Media Release

Government should pay into pensions for mothers and carers

The Government should pay public money into the personal pensions of women who take time out of work to care for children or elderly relatives, a think-tank says today.

The Social Market Foundation said that without significant new support for women’s pensions, increasing lifespans will widen economic gaps between the sexes and see women’s wealth falling further behind men.

Longer lives could amplify existing differences between male and female earnings and savings, the SMF said, warning that without early intervention, changes in longevity could set back progress towards economic equality between the sexes.

The SMF made the warning ahead of publishing “Gender equality and the 100-year life”, the second in a series of reports supported by AIG that address the public policy challenges raised by rising longevity.

The report also reveals new polling evidence, showing that people still overwhelmingly expect women to bear most of the burden of looking after children and elderly relatives.  For instance, 27% would expect a brother to care for elderly family, but 34% say a sister should do so.

Time away from work for family duties often leads to lower earnings. In the report, the SMF showed that five years after graduation, men’s median wages are £3,600 higher than female graduates’. Ten years after graduation this figure rises to £8,400.[i]

Lower wages over the rest of a woman’s life also means lower pensions savings.  Women in their late 50s typically have around half the pension savings of men the same age.

“As people retire later, the length of time in work will increase and wage disparities may continue to increase. This has the potential to deepen the divide between the financial position of men and women during and after their working lives,” the SMF warned.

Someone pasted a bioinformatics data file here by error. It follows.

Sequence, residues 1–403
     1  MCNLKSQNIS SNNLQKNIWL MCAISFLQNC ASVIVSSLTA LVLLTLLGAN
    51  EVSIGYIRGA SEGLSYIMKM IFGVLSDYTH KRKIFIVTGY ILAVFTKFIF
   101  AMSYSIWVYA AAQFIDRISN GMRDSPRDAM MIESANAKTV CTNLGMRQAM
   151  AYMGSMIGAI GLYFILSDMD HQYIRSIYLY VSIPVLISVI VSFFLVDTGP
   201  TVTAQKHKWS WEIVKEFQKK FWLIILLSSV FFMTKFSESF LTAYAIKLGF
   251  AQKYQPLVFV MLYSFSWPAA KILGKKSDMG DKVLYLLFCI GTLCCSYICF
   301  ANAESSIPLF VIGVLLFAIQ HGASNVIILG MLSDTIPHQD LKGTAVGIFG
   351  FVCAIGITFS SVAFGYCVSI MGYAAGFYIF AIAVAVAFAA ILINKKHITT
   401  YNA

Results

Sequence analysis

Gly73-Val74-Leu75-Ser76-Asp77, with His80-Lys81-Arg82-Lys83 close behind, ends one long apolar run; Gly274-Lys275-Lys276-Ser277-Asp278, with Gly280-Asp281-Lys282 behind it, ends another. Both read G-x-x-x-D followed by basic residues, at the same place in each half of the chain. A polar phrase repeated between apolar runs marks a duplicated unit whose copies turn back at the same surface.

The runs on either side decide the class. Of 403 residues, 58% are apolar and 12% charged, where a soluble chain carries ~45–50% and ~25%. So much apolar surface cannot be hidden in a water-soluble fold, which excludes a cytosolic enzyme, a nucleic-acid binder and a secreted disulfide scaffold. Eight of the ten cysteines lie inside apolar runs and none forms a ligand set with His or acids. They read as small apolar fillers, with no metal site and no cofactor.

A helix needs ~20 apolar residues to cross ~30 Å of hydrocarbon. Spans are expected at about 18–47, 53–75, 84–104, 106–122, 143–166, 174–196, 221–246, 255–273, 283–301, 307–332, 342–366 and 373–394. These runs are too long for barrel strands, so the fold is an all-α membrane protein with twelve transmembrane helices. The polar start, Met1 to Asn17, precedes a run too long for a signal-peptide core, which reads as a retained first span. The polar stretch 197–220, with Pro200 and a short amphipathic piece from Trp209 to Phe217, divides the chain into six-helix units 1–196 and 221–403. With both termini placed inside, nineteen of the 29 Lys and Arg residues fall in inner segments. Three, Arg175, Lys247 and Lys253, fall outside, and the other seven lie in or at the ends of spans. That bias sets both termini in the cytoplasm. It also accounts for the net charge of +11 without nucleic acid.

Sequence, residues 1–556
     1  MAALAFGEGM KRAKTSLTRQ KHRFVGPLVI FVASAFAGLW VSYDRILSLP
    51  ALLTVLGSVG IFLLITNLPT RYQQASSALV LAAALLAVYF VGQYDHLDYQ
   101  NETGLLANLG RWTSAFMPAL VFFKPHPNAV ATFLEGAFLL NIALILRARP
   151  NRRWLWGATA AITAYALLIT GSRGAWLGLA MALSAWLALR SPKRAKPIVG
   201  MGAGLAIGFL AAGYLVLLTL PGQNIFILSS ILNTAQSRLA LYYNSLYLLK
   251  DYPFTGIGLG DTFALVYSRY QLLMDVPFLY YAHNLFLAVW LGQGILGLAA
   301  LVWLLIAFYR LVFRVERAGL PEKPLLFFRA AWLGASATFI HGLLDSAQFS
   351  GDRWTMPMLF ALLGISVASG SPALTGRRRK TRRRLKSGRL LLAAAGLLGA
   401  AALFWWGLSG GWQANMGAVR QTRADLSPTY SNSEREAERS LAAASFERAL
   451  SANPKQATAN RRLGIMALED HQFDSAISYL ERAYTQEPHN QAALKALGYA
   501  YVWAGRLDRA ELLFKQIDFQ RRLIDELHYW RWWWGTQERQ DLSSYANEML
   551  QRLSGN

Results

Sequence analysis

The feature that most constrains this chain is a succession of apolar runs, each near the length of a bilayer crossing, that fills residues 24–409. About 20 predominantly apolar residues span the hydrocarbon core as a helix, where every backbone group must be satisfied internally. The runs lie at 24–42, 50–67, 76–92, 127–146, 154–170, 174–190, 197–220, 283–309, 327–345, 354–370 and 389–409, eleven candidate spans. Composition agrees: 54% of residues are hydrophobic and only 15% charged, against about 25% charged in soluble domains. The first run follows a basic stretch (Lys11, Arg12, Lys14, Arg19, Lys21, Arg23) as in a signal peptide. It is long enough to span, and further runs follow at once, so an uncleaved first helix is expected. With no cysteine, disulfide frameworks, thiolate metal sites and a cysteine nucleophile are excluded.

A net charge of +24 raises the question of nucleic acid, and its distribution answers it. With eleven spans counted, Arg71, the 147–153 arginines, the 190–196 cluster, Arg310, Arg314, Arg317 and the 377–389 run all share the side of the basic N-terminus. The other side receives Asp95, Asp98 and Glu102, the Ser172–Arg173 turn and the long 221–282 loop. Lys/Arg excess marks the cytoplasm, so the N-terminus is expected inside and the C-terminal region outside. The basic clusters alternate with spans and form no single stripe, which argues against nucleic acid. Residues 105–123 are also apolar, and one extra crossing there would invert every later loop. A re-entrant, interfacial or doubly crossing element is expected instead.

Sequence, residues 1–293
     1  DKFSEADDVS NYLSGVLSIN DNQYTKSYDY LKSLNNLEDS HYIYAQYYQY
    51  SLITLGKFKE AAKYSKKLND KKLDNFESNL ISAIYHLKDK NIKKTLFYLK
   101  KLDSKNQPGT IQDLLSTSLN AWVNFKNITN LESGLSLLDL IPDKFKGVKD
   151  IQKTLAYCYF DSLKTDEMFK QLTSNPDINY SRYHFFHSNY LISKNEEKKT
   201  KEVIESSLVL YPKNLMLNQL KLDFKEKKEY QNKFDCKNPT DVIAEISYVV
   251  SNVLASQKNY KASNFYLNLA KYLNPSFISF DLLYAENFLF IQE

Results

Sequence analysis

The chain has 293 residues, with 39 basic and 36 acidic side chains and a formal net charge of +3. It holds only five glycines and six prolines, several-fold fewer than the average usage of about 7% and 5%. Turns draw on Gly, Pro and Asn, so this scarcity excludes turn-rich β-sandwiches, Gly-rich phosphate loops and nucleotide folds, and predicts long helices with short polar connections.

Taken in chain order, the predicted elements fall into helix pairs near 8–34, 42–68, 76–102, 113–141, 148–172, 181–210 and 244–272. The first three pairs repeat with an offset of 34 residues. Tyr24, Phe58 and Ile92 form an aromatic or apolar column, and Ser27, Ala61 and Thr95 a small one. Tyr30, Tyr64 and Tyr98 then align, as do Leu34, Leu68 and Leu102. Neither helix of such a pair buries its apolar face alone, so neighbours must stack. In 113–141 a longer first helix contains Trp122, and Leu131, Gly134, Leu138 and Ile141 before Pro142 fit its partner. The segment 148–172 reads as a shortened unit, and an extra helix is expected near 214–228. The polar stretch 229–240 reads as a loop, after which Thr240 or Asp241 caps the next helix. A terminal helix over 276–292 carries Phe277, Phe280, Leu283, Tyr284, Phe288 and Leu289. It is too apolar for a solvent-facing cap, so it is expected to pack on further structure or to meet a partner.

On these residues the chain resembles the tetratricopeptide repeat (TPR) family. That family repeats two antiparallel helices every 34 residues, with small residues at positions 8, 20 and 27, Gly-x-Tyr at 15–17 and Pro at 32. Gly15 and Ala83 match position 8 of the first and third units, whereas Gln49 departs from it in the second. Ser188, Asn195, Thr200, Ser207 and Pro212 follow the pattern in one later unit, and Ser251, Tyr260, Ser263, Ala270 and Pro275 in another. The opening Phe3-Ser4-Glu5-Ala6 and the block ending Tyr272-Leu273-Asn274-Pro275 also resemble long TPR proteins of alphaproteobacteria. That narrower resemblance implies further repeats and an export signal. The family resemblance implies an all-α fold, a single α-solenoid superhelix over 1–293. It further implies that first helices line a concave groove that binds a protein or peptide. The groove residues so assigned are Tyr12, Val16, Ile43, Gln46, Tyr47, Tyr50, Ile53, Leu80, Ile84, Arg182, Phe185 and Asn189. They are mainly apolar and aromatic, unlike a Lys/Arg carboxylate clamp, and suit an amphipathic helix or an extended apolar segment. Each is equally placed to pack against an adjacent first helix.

To stop the gap widening, the Government should consider paying into the pension pots of women who take time out of work to care. “Taking time out of the labour market to raise children or care for relatives is one of the key causes of the pension gap. Addressing the lack of pension accumulation during this period is essential if we are to close – or even narrow – the gap in pension savings between men and women.”

In 2016, the ONS estimated that a woman on maternity leave carries out weekly unpaid work with an economic value of £762.75, well above the average regular weekly wage.  Appling the current 3% minimum contribution rates from automatic enrolment pensions schemes to such a value would mean a new Government contribution of £22.88 per week, or £1189.89 per year, to that woman’s pension pot.

The report also reveals new polling showing that despite progress towards equality, social attitudes that put pressure on women to reduce work and provide care remain deep-rooted.

Among the highlights from the Opinium polling shows that: 

  • Only 32% of men said they felt people expected them to care for older parents.   37% of women felt they were expected to do so.
  • 34% said they would expect a sister to help care for older parents, but only 27% said the same about a brother.